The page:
If you’re married, often the best option will be to name your spouse as the beneficiary of your retirement plan, with a trust as a “contingent”beneficiary; and if you’re single, the trust as beneficiary. This is most applicable if you have minor children. If your children are adults, you may end up deciding to name them as beneficiary rather than a trust.


The idea of naming a trust as beneficiary is related, for example, to wanting to protect the retirement account funds passed to a child for the longest period of time possible.

There are two types of trusts you can use when you name a trust as the beneficiary of a retirement account – a “conduit” trust or an “accumulation” trust. With a conduit trust, all distributions from the retirement account to the trust are paid out to the beneficiary as received (when a trust is named as the beneficiary of a retirement account, the plan/retirement account pays out distributions to the trust). With a conduit trust, the funds are basically treated as being received by the beneficiary, and the “stretch” period of the beneficiary applies – e.g. to 28 or 36 for a child who was a minor at the time the original account owner died.

There is currently some disagreement regarding the following issue, but a consensus or at least conservative consensus is that for an accumulation trust, assuming the trust meets certain requirements, the full balance from the retirement account must be received by the trust within 10 years. So, for example, if an accumulation trust has a child as a beneficiary who was 10 years old when the plan owner died, all funds from the account must be paid to the trust by the time the child is 20 years old, versus conceivably up to 36 years old.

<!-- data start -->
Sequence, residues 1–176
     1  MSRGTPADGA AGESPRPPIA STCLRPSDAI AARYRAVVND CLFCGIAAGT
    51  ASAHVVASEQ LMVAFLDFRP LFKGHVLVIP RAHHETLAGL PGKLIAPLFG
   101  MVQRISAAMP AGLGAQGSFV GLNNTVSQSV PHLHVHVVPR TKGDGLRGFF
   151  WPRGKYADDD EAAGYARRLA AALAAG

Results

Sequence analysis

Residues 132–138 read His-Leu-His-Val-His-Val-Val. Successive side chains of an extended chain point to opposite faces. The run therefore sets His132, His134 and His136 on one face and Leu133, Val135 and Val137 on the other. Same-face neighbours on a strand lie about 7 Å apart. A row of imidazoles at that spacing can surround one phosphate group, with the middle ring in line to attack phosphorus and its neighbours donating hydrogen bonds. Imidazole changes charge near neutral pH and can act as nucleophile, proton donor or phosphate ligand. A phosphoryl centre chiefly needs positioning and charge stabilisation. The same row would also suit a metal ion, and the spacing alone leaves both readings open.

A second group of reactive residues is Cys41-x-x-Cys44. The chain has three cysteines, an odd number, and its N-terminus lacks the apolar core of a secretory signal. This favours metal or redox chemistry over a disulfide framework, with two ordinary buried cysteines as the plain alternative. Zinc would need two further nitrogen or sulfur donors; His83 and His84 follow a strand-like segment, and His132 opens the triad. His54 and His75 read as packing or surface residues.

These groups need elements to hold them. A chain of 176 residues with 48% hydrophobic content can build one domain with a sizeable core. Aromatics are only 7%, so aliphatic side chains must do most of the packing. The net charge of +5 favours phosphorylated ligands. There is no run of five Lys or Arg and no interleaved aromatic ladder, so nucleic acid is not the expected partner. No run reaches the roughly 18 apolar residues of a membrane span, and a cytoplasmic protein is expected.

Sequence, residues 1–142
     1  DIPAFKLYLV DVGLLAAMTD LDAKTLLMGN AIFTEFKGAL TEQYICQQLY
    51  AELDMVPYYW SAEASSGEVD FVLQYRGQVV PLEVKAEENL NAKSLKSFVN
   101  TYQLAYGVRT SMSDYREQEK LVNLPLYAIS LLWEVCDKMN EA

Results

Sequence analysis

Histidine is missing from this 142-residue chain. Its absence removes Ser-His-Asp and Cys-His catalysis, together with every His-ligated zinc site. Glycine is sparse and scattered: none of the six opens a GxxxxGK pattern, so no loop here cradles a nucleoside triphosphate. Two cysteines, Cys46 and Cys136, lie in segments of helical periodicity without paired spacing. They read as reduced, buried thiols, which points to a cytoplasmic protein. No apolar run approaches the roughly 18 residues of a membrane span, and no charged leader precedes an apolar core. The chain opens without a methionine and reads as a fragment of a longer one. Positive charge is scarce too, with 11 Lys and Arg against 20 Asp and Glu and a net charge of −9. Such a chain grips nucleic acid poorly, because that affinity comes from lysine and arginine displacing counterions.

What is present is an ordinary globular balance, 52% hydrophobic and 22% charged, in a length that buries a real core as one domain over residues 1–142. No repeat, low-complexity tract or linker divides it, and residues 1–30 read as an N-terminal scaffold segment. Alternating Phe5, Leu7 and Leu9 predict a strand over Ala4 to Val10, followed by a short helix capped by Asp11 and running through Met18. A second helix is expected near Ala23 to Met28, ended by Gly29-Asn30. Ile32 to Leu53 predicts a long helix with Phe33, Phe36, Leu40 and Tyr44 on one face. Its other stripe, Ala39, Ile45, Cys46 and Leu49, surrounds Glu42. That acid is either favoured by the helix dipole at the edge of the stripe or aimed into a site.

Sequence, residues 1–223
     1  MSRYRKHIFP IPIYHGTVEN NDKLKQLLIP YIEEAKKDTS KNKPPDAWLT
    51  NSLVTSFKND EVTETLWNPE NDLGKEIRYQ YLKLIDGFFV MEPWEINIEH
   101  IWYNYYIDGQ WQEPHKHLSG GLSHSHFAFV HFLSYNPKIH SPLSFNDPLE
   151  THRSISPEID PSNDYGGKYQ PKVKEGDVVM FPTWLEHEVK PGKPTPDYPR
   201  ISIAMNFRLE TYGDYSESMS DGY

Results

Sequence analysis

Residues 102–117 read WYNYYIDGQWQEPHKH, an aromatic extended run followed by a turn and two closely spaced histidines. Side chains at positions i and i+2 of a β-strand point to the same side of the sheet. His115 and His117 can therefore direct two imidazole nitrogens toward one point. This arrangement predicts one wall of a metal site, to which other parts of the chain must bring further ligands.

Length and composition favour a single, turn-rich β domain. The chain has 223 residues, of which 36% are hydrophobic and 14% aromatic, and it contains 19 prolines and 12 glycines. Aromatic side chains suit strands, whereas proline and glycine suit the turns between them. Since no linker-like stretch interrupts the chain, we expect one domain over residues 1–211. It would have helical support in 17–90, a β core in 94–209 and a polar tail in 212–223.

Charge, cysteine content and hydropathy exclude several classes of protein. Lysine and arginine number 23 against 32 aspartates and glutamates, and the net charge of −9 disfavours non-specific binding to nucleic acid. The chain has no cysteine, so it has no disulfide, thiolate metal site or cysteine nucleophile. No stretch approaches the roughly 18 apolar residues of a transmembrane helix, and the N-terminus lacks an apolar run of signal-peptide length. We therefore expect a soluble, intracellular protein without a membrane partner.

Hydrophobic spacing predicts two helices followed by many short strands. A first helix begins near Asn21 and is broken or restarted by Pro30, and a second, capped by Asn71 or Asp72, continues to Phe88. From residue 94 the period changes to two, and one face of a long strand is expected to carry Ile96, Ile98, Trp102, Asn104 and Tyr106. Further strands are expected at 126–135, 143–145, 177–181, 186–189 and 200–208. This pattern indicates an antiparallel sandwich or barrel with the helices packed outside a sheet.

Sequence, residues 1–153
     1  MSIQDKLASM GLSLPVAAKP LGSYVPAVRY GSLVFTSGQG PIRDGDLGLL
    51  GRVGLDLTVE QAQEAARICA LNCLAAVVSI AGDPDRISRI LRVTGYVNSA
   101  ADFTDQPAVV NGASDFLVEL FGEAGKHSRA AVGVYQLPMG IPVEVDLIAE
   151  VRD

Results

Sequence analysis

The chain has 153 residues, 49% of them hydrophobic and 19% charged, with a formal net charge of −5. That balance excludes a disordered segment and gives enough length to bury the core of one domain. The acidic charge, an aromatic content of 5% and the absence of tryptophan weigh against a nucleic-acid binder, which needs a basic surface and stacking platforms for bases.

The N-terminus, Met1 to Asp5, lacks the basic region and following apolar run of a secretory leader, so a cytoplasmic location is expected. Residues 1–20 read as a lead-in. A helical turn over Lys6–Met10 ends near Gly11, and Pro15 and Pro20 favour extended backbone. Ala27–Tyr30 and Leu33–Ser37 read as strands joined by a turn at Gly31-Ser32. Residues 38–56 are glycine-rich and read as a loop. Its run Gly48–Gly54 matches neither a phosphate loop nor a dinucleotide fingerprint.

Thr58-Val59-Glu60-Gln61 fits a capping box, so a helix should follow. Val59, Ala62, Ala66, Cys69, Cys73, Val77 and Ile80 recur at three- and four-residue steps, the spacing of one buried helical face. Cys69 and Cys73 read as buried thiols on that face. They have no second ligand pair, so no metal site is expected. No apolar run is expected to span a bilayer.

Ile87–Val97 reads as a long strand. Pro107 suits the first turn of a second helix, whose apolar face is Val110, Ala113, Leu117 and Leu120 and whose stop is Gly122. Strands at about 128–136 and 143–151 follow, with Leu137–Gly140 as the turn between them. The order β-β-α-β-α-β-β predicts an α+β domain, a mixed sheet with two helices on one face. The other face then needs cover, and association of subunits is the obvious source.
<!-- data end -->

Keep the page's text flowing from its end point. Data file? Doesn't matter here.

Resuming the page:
The accumulation trust can accumulate rather than immediately pay out funds to the beneficiary, and only provide funds to the beneficiary, for example an 18 or 20 year-old adult child, for certain types of expenses, e.g. support, or for school/tuition, etc. A trust can also protect the funds from the claims of the creditors of the adult child, from a future divorce, or other circumstances. There is more about this type of asset protection provided by a trust in the Life and Estate Planning here on the website.

Although the SECURE Act rules sets out the latest date by which all funds from the retirement account must be paid out, a beneficiary is permitted to withdraw the funds more quickly. When funds are taken out of the retirement account by the beneficiary, there is income tax on the money received, but there is not an additional penalty. Some parents are concerned that an adult child would choose to withdraw all of the funds from the retirement account immediately and pay the taxes then, versus taking the distributions more slowly over time.

If there are substantial assets in the retirement account, some parents would prefer, as for assets placed in trust in general, to protect the assets for the life of their child or children, or to make them available to the adult children for specific purposes. These are scenarios we can discuss more when we meet, including a third option called a Stand-Alone Retirement Trust, which allows us to set up the trust as a conduit trust initially, and then provide a mechanism for a second look at the time of death of the retirement account holder, to possibly change the trust to an accumulation trust.

Call me at (954) 636-7498 or use the contact form and the website, and we can discuss Retirement Account Planning for you and your family.